Somewhere around 1965, London style had an explosion of colour, and the classic opposition of mods and rockers was soon displaced by an outrageous dandified fashion revolution coming out of Carnaby Street in the West End. If you’ve seen any of the Austin Powers movies, you can probably picture the vintage I mean: velvet jackets, ascots, circus striped trousers, impossibly short minidresses, pageboy haircuts on men and women alike, PVC outfits and accessories, false eyelashes, crazy hats. In other words, this sort of thing:
(The soundtrack to this little movie, by the way, is provided by another amazing London band, The Zombies; “She’s Not There” was a hit from 1964.)
London became super-stylish and quite daring in its tastes sometime around 1965, shattering the stereotype that the British were a reserved, understated, stiff-upper-lip sort of nation. In the US, Time Magazine described London as “swinging” and the tag stuck for the next few years — in fact, “Swinging London” developed quite an international reputation, not just in America but also in trendy centres like Paris and Rome, a reputation made all the more glamorous by the London fashion industry, by pop stars like the Beatles and the Stones, and by a string of James Bond movies. (Austin Powers would come later…)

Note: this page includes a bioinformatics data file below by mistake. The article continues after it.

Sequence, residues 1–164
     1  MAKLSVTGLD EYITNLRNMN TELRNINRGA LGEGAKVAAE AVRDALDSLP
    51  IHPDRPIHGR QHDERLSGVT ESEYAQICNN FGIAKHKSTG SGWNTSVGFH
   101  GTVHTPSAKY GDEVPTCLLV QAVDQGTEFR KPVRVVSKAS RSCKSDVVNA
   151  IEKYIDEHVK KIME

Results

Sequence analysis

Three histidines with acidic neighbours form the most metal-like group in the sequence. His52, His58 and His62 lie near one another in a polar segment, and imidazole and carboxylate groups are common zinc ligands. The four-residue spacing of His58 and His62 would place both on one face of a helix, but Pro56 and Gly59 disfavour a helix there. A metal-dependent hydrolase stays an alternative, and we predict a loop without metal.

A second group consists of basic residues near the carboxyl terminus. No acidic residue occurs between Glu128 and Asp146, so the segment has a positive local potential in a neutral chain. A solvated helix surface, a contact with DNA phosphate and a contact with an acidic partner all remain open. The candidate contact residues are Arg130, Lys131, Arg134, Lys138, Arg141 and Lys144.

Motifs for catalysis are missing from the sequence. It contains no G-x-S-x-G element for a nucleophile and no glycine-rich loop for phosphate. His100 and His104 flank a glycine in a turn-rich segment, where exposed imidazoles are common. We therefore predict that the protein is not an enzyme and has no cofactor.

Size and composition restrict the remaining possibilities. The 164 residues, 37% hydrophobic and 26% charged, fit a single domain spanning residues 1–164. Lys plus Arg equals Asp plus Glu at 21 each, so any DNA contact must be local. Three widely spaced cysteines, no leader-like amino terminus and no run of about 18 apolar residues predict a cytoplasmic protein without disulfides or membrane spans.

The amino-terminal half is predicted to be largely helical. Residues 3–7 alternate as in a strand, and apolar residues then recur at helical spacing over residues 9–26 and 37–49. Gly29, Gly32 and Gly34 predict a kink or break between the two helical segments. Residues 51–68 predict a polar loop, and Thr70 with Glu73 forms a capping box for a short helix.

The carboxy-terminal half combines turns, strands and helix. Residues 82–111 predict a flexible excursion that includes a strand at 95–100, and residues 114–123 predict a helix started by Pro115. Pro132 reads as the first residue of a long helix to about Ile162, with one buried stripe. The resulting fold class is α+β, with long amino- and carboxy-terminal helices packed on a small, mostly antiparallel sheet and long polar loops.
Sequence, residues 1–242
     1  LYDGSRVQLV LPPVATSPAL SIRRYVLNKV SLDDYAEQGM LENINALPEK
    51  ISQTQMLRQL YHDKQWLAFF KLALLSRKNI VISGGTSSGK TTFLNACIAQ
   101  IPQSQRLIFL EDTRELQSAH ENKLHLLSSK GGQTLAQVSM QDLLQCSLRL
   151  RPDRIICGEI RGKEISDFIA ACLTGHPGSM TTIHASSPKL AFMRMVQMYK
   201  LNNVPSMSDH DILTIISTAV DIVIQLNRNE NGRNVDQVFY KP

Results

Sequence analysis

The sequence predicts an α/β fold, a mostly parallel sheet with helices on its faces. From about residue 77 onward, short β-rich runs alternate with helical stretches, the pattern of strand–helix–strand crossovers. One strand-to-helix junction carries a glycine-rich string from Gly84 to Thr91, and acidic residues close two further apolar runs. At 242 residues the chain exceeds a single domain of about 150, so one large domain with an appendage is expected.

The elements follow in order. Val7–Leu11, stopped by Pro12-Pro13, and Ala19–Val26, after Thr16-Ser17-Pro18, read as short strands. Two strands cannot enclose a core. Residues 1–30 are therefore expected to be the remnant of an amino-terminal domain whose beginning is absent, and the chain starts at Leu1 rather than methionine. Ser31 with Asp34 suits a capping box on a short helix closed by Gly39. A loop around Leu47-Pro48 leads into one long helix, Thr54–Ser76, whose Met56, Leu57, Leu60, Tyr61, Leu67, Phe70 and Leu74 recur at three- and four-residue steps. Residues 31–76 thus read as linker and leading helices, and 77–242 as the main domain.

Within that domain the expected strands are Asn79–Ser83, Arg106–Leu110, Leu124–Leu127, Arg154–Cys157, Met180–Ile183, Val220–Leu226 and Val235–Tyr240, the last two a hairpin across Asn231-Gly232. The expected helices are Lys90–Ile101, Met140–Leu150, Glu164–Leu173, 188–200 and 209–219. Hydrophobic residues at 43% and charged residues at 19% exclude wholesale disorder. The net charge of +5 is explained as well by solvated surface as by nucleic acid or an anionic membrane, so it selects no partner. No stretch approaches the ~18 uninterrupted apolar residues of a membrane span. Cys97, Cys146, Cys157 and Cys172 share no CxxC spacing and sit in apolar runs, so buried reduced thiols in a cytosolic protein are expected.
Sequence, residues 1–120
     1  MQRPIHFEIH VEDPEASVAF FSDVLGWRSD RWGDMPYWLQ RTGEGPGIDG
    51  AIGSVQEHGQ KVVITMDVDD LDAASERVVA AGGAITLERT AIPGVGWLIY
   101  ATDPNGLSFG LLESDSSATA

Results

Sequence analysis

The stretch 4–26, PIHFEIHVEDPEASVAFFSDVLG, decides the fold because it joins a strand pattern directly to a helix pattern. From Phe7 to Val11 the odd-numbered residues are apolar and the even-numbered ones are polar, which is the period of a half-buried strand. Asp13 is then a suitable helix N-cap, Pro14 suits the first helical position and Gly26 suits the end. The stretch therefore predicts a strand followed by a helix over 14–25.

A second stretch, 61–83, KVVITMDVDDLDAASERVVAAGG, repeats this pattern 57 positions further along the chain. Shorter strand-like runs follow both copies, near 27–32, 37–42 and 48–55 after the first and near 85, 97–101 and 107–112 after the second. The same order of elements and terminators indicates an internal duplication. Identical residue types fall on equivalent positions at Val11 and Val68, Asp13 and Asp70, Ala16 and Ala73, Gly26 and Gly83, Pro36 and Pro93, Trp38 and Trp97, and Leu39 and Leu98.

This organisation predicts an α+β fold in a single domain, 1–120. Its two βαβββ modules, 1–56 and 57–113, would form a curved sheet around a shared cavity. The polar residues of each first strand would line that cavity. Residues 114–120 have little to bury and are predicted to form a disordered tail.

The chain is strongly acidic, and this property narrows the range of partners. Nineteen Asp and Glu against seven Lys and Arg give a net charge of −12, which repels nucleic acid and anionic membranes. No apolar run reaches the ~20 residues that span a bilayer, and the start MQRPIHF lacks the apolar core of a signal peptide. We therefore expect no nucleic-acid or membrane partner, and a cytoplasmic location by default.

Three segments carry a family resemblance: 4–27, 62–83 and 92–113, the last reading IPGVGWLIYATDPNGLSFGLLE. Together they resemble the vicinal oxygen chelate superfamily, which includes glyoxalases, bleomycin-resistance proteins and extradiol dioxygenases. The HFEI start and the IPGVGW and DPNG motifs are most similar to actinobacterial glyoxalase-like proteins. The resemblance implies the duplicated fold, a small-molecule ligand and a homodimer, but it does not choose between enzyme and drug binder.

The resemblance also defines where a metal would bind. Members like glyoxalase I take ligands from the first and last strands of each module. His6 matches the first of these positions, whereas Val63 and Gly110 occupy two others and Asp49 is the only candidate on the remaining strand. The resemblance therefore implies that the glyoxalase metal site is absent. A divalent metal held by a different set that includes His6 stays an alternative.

The Kinks, however, were never known to follow a trend, and they began making fun of the new-minted fashionistas almost as soon as they sprang into being, releasing “Dedicated Follower of Fashion” in February 1966.
This is apparently an original promo video for the song, probably filmed for TV in 1967 or so (?), and the video quality is pretty terrible. Sorry. There are a few worthwhile shots, though. (I’m especially impressed by the Bob Dylan dress.)
The satire in Ray Davies’ lyrics about this member of the “Carnebetian Army” is brutal: “He thinks he is a flower to be looked at, / And when he feels his frilly nylon panties pulled up tight / He feels a dedicated follower of fashion.” And so it seems that not everyone in London was swept up into this wave of technicolor brushed velvet and lace — there was a backlash that saw it not just as superficial, but in particular, as anti-British. Over the next few years (and five albums), the Kinks would come to explore the complicated question of British national identity as it weathered the “threat” posed by the counterculture of the late 1960s. Fascinating stuff, and some truly outstanding songs — we’ll have to listen to a few more in days to come.